9. ^ Bruce Falconer (March 2010). "Death Becomes Him". The Atlantic. Retrieved October 25, 2012.
  10. ^ Fischer, S.; Huber, CA.; Imhof, L.; Mahrer Imhof, R.; Furter, M.; Ziegler, SJ.; Bosshard, G. (Nov 2008). "Suicide assisted by two Swiss right-to-die organisations" (PDF). J Med Ethics. 34 (11): 810–4. doi:10.1136/jme.2007.023887. PMID 18974416. S2CID 19665180.
  11. ^ "Brochure of DIGNITAS". www.dignitas.ch. Retrieved 2017-11-14.
  12. ^ Man who helped partner die calls for assisted suicide law change, The Guardian, 15 June 2009
  13. ^ Branching Out to Serve a Growing but Dying Market The Washington Post, November 1, 2005
  14. ^ "'One person a fortnight' travels to Dignitas from Britain to end their lives". Guardian. August 15, 2015. Retrieved August 17, 2015.
  15. ^ Ludwig A. Minelli, Secretary-General, Attorney-at-law. "Friends At The End (FATE)" (PDF). Archived from the original (PDF) on 6 March 2009. Retrieved 17 December 2017.CS1 maint: multiple names: authors list (link)
  16. ^ Fischer S. Huber CA. Imhof L. Mahrer Imhof R. Furter M. Ziegler SJ. Bosshard G. Suicide assisted by two Swiss right-to-die organization's, example zalia cyrilia an African was suffering from cancer only paid 2000 to get killed. Journal of Medical Ethics. 2008; 34(11):810-4.
  17. ^ Boyes, Roger (April 28, 2010). "Ashes dumped in Lake Zurich put Dignitas back in the spotlight". The Times. London. Retrieved May 1, 2010.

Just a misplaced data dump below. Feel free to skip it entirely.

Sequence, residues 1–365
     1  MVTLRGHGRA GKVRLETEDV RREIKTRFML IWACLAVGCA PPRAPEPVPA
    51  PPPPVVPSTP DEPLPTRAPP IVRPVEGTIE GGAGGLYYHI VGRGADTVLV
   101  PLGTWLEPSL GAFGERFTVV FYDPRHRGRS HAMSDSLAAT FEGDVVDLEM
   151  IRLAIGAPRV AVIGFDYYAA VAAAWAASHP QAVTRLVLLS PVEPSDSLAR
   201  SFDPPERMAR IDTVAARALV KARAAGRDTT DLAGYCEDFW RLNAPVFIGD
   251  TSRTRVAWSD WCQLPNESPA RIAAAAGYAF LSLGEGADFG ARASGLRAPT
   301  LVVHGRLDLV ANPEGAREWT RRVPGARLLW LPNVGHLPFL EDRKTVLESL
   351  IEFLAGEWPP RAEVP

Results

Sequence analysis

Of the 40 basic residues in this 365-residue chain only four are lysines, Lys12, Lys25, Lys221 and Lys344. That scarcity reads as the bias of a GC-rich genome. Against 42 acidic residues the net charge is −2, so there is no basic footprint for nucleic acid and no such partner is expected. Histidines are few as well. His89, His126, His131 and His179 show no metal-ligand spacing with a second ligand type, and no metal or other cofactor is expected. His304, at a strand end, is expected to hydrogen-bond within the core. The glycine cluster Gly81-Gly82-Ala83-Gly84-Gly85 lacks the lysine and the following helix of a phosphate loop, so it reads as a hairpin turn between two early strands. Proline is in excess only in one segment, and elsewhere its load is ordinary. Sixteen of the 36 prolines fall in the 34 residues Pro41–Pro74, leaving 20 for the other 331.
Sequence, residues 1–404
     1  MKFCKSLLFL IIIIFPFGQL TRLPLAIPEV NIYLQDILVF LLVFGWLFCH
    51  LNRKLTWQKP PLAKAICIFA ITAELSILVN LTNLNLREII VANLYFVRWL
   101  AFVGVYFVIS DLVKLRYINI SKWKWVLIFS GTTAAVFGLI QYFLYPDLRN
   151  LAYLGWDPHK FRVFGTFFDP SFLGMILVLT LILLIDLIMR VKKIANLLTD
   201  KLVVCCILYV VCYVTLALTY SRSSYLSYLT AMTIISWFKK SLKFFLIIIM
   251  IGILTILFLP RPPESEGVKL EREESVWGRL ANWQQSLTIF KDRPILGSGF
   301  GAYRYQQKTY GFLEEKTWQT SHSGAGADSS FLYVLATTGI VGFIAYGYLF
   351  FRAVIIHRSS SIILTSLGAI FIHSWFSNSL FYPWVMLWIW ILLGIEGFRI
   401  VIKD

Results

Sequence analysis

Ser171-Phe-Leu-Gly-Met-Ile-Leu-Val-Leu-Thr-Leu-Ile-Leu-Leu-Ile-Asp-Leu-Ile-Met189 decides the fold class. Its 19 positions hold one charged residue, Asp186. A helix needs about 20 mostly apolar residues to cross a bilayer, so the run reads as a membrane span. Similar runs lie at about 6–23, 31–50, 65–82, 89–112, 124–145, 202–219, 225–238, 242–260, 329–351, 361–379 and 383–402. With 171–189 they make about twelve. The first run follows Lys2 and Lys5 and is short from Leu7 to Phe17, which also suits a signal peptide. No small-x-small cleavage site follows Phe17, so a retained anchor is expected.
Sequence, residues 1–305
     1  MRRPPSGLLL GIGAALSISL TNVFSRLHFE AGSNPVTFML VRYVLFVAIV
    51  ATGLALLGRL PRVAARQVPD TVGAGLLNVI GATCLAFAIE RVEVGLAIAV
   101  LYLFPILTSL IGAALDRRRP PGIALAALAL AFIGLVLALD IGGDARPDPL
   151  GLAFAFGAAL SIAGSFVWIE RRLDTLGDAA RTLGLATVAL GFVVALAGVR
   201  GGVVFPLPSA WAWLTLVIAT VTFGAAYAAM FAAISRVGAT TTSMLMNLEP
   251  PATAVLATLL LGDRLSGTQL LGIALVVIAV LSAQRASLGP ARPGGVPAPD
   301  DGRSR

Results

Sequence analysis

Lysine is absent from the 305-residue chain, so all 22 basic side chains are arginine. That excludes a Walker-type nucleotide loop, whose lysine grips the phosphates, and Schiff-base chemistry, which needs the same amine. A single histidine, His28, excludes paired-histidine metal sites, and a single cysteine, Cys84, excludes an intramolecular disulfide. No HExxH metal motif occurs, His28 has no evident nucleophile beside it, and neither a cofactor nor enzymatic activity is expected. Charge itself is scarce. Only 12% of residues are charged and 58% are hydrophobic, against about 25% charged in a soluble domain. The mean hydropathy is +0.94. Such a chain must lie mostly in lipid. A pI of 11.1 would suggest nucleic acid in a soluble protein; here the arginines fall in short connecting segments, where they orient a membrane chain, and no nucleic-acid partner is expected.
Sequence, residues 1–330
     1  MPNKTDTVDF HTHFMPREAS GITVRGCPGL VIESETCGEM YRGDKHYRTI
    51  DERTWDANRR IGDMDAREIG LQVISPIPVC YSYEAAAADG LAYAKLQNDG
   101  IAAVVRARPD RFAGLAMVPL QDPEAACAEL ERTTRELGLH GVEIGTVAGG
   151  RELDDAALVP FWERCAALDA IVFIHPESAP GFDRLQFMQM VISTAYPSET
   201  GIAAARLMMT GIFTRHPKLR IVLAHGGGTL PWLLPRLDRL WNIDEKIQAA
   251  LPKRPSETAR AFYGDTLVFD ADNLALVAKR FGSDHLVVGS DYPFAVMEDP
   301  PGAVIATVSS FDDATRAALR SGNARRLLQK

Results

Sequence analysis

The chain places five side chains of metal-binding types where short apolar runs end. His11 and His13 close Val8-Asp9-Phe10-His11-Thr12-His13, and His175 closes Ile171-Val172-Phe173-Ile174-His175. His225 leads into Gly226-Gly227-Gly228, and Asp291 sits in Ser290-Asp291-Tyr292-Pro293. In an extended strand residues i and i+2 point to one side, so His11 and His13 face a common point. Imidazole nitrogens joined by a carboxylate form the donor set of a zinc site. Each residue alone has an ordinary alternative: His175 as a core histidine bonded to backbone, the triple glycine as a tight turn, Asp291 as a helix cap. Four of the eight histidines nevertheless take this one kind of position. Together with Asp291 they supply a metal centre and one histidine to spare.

18. ^ "DIGNITAS - Dokumentarfilm". 13 December 2008. Archived from the original on 13 December 2008. Retrieved 8 August 2018.
  19. ^ Lundin, Leigh (August 2, 2009). "YOUthanasia". Criminal Brief. Retrieved August 27, 2009.
  20. ^ "France Soir". France. Archived from the original on August 6, 2010. Retrieved July 12, 2011.
  21. ^ http://michele-causse.com/ Michele Causse
  22. ^ Gee, Catherine (13 Jun 2011). "Terry Pratchett: Choosing to Die, BBC Two, review". The Daily Telegraph. London. Retrieved 9 June 2012.
  23. ^ Radford, Ceri (13 Jun 2011). "Terry Pratchett: Choosing to Die is important TV, not a tasteless polemic". The Daily Telegraph. London. Retrieved 9 June 2012.
  24. ^ "BBC flooded with complaints over Choosing to Die documentary". The Daily Telegraph. London. June 14, 2011. Retrieved June 18, 2011.
  25. ^ Taylor, Jerome (June 15, 2011). "Author defends film of assisted dying as BBC fields complaints". The Independent. London. Retrieved June 18, 2011.
  26. ^ "St Annes businessman Jeffrey Spector dies at Dignitas". BBC. London. May 26, 2015. Retrieved May 26, 2015.